Before the summer ends Netflix will have released more than 100 original films in 2021; approximately 20% will be documentaries, the rest are new fiction feature films produced or acquired exclusively by the platform.
It is a tremendous figure, the result of the stratospheric growth in the number of feature films produced annually by the company since in 2015 they launched into the creation of their own content for their platform.
Much has changed in a five-year period: the streaming ecosystem, today the fiercest battlefield in the audiovisual business, is organized around the acquisition and retention of new subscribers. Purpose for which Netflix, and other thriving platforms such as Disney+, HBO Max, Amazon Prime Video, etc. they are firmly committed to the production and launch of new content in the face of the audience.
Plans Paramount+ for 2022 they mean releasing a new movie a week; It sounds crazy, but Netflix today exceeds that rate. The question is what type of films are released within a dynamic where quantity and novelty (or, at least, their appearance within closed lanes of brand identification and recognition) seem to be characteristics much more valued than quality.
Streams of indifference
A study commissioned by The Wall Street Journal and published this week affirms that Netflix is the studio that currently produces the most movies in all of Hollywood. But in the traditional balance between quantity and quality, the Los Gatos company does not do very well in the metrics used by Ampere Analysis: on the one hand, critical evaluations from Metacritic and Rotten Tomatoes; on the other, public evaluations based on various online opinion aggregators.
The conclusions are quite striking (a 5.4 / 10 average score among critics, 5.9 / 10 among the public) for a study that has produced such acclaimed filmmakers as Martin Scorsese, David Fincher, Alfonso Cuarón, Bong Joon-ho, Noah Baumbach or the brothers Coen.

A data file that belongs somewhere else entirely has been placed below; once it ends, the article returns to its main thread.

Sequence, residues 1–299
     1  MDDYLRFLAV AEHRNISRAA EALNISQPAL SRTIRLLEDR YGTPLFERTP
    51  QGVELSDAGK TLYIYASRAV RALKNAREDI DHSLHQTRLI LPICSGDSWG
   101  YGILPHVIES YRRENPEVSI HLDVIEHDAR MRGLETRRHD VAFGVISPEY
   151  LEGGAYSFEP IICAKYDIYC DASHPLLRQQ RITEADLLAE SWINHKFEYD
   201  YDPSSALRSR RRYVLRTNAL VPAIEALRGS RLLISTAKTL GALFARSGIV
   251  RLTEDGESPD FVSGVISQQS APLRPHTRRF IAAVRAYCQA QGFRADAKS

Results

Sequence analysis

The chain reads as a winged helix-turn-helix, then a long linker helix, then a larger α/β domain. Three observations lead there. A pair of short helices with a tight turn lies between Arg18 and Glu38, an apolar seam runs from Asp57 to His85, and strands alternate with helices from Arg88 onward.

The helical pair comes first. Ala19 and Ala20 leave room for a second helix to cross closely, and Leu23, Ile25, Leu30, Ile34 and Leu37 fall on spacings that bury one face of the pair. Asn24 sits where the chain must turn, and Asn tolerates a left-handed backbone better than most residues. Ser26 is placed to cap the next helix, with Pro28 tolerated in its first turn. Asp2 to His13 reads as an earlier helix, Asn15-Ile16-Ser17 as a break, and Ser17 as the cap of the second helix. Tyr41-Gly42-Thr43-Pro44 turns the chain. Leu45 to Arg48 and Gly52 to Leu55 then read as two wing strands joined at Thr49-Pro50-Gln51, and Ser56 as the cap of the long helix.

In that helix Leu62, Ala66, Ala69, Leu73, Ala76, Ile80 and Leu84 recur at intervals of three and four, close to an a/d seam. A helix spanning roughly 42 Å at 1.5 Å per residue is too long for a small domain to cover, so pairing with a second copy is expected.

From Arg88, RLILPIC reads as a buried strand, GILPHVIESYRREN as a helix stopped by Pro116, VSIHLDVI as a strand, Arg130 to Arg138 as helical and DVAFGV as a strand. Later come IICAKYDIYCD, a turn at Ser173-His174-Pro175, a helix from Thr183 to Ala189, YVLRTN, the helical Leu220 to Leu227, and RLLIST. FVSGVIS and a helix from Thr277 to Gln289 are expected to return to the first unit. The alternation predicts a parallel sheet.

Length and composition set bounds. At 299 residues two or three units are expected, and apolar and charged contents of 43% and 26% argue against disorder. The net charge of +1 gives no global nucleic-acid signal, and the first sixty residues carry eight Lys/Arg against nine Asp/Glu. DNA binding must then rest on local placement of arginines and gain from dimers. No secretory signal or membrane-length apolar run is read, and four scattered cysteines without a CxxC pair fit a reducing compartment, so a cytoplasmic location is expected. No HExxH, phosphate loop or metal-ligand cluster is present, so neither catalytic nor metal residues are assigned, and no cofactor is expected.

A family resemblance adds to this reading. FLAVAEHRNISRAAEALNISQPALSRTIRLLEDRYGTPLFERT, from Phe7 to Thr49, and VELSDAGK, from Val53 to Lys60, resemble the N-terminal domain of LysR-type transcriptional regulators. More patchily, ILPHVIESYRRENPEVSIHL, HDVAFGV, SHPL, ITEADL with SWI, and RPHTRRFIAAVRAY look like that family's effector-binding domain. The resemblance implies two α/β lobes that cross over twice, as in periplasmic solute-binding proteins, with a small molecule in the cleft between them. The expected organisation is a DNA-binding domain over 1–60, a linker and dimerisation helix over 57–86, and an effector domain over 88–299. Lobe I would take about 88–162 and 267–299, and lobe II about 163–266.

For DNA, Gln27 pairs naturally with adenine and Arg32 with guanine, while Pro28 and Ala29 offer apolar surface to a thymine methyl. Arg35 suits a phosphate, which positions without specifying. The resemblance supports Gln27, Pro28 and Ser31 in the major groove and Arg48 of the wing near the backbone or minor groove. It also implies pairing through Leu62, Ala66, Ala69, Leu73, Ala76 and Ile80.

However, there is other data that may be more worrying than the final result of Netflix bets. For example, the ease with which audiences seem to forget about their movies and move on to something else. That blurred boundary between what is a movie and any video content; the devaluation of cinematographic art that so much worries Scorsese.
According to the results of Ampere Analysis, not a single of the own titles released by Netflix between January 2016 and March 2020 remained in the public conversation five months after its premiere.
In the graph with the percentages of films that remained in the collective imagination, the productions of Disney, the studio that has reduced its total number of films the most to focus on those related to sagas and properties (Marvel, Star Wars, Pixar, his own animation classics) precisely already consolidated among the public. In this case, the weird thing would be if five months went by without people mentioning things from the Marvel Universe or from Star Wars.
A Netflix without franchises
Although it is still not related to quality (at the time there was a lot of talk about Star Wars: The Rise of Skywalker, but nothing good), this data may be essential if Netflix wants its most commercial bets to be able to remain long enough in the public mind so that its possible sequels, spin-offs, shared universes and forms of exploitation common in the Hollywood of the franchises are considered attractive enough to attract or retain subscribers.
On the other hand, all of Netflix’s attempts to go down the blockbuster route have come face to face with various walls of indifference, no matter how successful their premieres have been sold according to the platform’s criteria (that someone watches at least two minutes of the footage).
Bright, Blind, Spenser: Confidential, Tyler Rake, The Old Guard O Army of the dead are some of the latest great Netflix blockbusters designed to generate their own sequels. Many times, with sequels announced by the platform itself. Good luck to anyone who remembers by now Bright. Solo Tyler Rake Y Army of the dead seem on track to continue replicating themselves, just like the sequel to Enola Holmes, but perhaps it is only because we are closer to its premiere.
Therefore, the ability to penetrate the collective imagination is not something that exclusively affects prestigious projects such as Rome, The Irishman, Story of a marriage O I am thinking of quitting. You can imagine that in the platform plans that someone wants to subscribe because they have On the other side of the wind from Orson Welles, or fundamental films by directors such as Tamara Jenkins, Jeremy Saulnier O Steven Soderbergh, be a footnote; but the footprint of his great productions surely deserves more consideration on his part.
If not, the Netflix image will remain, as some of the creators who have passed through their offices have recently regretted as Kenya Barris (Black-ish), indistinguishable from a traditional television channel that viewers plug in to see what’s new at the time, and immediately forget about it. Linked to nothing but indifference. And, if that vanilla flavor saturation continues to attract subscribers, it will continue to do so.